Gelatin or cornstarch for glaze?

Discussion in 'Pastries & Baking' started by kazeya, Jan 3, 2010.

  1. kazeya

    kazeya

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    hi all! ok im in a bit of confusion here, I was looking for some recipes for glazes as my strawberry glaze din set the other day. However, i noticed most if not all the recipes of strawberry glaze online uses cornstarch instead of gelatin for it to set. Doesn't gelatin play the role in setting the glaze?

    The thing that confuses me now is that the recipe for apricot glaze uses gelatin LOL.

    Is the apricot glaze used for brushing on pastries instead of pouring on the top of cakes to set it? And that the cornstarch in the strawberry glaze recipes are meant to create a semi-transperant layer ( the kind of layer im looking for ) on top of pastries and such which binds the the pastry and gives it a neat gloss?

    Need some info on this :D cheers ^^:rolleyes:
     
  2. ed buchanan

    ed buchanan

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    Trade name Apricoat is a canned jell glaze manufactured by Mazur that is used on many products but in most cases is not used as a binder. Starch on the other hand is a binder which in most cases is used to thicken the fruit tart mixture then it is glazed.
    Starch will give the total mix a transparent type glaze also, but will thicken.
     
  3. shechef

    shechef

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    As Ed suggested, cornstarch makes a better glaze, BUT it really depends on how long you intend to keep the final product as cornstarch draws moisture from the fridge causing it to break down faster than gelatin, which only tends to get dryer over time.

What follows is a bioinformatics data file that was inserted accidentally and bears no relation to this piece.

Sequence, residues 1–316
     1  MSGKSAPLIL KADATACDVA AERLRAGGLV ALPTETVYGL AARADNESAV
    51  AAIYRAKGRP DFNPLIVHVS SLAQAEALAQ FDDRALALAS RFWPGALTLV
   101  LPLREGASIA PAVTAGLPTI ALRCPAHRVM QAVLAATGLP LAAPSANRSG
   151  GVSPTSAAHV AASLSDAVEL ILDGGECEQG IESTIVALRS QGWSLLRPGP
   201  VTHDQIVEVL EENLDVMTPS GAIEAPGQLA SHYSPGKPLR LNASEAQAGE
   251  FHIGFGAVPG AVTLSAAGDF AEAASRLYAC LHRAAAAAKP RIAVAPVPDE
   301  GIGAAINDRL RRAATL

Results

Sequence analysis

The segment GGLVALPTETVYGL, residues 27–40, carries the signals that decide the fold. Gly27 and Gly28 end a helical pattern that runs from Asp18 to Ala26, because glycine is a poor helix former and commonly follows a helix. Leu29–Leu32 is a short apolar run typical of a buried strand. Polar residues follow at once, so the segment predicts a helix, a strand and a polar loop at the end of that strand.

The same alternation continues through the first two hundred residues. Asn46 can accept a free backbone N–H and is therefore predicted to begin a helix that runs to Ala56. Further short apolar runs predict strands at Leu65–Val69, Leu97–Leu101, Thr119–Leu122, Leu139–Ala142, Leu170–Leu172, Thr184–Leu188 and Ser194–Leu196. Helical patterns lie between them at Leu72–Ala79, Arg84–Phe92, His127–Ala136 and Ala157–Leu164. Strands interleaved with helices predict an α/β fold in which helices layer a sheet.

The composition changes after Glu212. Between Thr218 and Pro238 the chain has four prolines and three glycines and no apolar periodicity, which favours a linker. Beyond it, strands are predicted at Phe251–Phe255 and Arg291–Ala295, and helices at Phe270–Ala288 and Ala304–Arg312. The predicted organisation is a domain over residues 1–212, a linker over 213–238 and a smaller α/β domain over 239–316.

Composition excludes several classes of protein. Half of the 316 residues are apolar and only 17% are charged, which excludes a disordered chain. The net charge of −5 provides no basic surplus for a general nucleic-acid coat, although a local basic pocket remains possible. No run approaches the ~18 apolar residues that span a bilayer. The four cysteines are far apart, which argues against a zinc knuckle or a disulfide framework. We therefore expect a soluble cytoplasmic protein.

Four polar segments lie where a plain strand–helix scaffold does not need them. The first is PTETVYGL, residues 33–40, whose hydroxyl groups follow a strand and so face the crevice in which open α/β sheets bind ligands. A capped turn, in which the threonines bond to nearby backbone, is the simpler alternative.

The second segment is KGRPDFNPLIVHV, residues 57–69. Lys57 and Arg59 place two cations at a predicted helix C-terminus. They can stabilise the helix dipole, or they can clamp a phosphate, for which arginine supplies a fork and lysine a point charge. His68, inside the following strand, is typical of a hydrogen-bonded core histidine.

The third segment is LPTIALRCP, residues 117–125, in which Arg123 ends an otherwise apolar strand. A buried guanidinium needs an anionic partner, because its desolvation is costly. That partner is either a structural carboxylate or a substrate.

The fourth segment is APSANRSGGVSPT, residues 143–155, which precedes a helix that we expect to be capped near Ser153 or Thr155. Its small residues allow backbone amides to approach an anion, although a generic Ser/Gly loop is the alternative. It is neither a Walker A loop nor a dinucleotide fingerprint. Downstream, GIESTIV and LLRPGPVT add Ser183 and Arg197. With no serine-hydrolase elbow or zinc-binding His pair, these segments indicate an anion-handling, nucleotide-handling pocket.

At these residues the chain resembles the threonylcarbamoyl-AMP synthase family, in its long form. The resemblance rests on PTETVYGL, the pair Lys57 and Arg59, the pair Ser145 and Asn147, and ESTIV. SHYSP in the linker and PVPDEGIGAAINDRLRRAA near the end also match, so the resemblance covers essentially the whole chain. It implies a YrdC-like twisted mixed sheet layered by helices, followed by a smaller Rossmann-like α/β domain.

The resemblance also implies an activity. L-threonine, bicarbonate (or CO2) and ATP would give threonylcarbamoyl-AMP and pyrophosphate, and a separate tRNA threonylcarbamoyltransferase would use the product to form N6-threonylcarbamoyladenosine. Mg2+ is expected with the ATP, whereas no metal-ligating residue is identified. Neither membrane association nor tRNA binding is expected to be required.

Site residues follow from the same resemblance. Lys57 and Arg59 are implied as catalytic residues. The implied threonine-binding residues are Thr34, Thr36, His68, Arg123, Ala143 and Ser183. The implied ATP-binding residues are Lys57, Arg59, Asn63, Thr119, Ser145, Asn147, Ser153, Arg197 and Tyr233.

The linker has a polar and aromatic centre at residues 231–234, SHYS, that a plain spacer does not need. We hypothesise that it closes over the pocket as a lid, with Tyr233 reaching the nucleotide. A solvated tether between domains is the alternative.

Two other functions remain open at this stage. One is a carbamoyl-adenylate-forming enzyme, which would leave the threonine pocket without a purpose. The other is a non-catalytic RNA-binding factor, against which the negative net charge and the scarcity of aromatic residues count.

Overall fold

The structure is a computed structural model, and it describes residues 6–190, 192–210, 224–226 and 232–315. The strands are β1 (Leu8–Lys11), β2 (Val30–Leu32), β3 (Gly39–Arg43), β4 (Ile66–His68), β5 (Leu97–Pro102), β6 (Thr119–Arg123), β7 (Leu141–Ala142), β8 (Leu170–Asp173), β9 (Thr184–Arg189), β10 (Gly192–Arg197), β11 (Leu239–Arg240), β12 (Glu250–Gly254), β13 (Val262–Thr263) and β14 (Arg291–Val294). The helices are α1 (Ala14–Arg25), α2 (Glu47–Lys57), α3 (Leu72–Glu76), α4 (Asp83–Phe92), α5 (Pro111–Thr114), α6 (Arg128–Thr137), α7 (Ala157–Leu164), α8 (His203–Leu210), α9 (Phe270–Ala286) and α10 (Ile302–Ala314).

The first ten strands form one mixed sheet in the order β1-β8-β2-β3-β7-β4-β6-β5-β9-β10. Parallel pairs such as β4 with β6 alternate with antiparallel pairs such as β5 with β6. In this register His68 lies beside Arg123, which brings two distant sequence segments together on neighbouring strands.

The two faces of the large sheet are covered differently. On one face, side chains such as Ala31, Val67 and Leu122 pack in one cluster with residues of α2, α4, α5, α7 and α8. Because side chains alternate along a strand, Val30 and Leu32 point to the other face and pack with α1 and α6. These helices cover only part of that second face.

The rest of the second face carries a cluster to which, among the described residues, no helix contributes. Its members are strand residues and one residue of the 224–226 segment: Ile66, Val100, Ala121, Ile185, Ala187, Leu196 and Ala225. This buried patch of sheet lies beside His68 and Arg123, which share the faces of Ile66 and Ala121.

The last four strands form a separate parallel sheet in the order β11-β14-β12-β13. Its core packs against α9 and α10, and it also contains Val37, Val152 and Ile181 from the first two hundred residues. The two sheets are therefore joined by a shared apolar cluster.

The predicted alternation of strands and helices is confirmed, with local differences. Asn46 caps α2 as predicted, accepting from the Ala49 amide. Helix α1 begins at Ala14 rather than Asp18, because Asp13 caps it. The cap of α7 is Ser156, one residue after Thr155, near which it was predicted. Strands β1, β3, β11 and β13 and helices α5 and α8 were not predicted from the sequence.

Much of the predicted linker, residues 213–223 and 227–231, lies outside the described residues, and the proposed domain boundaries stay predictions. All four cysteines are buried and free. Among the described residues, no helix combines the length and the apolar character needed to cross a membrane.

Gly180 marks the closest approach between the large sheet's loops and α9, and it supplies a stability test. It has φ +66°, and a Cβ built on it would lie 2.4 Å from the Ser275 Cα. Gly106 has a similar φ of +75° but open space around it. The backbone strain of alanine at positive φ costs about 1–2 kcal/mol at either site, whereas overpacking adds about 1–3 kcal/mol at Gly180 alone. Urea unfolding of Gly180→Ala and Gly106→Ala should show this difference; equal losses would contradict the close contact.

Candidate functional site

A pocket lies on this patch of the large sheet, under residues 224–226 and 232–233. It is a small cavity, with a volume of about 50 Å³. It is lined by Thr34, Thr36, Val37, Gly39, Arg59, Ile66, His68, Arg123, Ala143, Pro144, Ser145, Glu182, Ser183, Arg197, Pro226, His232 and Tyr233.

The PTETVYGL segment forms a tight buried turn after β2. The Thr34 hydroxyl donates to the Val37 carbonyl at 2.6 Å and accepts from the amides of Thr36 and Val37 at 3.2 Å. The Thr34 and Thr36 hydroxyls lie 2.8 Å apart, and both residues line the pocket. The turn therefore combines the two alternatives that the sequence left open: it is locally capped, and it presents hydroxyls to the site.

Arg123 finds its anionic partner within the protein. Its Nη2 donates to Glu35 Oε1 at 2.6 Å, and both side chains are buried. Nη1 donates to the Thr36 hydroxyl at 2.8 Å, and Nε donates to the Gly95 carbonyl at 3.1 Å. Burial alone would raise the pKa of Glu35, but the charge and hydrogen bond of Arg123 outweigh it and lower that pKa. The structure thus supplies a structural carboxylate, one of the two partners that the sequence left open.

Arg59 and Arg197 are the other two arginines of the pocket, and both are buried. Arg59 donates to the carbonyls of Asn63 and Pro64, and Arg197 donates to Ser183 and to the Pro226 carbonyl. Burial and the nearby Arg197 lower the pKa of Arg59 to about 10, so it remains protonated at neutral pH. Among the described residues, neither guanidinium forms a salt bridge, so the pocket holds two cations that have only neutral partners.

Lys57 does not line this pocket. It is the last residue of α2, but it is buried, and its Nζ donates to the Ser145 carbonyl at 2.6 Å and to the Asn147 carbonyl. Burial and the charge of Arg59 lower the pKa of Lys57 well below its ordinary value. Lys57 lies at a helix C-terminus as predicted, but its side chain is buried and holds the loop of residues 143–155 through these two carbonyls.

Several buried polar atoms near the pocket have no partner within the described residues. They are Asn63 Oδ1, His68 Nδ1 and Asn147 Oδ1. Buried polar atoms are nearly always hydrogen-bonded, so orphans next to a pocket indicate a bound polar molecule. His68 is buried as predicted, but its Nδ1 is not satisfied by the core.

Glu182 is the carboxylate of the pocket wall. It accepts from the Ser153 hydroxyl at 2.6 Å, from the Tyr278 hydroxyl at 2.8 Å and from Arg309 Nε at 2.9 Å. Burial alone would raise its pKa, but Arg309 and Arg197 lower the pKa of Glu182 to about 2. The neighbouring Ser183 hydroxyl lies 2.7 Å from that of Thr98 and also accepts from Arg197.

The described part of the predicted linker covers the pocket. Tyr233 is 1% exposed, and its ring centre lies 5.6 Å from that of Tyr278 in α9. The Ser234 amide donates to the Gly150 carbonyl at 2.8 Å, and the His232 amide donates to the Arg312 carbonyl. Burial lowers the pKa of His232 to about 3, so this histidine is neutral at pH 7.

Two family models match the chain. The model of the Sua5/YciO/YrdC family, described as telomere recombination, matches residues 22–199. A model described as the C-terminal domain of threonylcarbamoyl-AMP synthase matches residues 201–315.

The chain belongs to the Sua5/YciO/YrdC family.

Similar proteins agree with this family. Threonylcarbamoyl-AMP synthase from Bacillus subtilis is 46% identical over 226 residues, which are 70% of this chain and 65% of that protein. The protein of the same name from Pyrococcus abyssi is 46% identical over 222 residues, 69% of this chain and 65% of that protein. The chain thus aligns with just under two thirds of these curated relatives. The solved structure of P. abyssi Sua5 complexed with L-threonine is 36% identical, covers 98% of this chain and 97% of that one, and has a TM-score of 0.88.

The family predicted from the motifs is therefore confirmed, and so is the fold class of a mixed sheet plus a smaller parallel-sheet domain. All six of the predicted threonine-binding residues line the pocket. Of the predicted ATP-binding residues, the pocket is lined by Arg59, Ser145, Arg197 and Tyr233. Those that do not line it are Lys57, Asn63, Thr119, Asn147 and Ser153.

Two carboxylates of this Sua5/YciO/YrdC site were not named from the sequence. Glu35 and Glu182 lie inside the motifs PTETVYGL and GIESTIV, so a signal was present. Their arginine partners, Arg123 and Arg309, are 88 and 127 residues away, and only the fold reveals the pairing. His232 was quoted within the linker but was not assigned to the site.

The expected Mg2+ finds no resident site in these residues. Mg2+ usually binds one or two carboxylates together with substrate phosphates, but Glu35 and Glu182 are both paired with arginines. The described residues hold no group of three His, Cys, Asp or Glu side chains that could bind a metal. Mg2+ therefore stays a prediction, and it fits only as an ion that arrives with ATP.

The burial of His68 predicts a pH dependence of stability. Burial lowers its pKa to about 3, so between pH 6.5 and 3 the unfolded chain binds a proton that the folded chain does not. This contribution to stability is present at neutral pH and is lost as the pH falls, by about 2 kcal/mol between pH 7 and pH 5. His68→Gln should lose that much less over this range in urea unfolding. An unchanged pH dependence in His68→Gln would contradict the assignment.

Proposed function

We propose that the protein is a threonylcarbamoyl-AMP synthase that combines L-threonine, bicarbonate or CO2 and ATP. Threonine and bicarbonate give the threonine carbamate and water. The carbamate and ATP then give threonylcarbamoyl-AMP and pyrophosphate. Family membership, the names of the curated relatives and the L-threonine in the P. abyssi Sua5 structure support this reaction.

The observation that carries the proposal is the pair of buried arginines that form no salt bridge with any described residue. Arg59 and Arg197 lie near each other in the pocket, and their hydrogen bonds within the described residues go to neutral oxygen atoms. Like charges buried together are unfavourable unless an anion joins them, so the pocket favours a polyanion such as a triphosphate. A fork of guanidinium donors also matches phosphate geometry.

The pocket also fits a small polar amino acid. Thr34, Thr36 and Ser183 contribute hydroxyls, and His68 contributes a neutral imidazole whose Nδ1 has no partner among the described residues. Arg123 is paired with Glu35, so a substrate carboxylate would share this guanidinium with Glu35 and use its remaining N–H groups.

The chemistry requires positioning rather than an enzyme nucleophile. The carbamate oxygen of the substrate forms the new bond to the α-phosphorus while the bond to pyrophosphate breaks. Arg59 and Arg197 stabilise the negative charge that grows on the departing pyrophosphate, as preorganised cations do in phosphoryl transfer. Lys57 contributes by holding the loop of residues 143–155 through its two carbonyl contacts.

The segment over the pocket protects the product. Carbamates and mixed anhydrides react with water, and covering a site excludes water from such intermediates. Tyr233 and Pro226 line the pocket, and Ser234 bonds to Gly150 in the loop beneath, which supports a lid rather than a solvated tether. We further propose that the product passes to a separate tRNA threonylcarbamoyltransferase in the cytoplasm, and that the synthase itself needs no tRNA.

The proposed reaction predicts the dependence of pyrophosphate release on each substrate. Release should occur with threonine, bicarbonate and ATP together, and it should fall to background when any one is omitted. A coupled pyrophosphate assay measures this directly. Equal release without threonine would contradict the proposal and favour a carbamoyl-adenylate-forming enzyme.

If your gelatin did not set, you probably overheated it when preparing it. Gelatin needs gentle and short time heat. You cannot boil it for extended periods of time. Cornstarch, on the other hand, thickens the more you cook it and it's thickening properties are not destroyed with extended cooking, even when boiling.
     
  4. ed buchanan

    ed buchanan

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    Depending on the fruit to be thickened .Cornstarch will break down in a lot of acid as will arrowroot. Coimercially you are better of with a modified tapioca or other type starch.
     
  5. kazeya

    kazeya

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    hmm thanks for the replies! :D shedded some light on me^^ well maybe it could be the gelatin..i usually tend to leave it on top of boiling water LOL! guess ill let it slowly melt under low heat.

    hmm ill give the cornstarch recipe a try and see what happens! ^^ yea i heard about cornstarch breaking down in most acidic ingredients..i read on a website where incase during the use of acidic ingredients, place the acidic items last after all the other cooking is done. is this true?
     
  6. ed buchanan

    ed buchanan

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    To a point,, but there are times you can't like when making a sweet and sour sauce, vinegar and sugar are reduced first then thickened with starch. You would get totally different flavors.:chef:
     
  7. kazeya

    kazeya

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    LOL! yea true to that :D! i mean when it comes to pastry glazes lol.
    omg i cant imagine having a vinegar and sugar reduction LOL! :p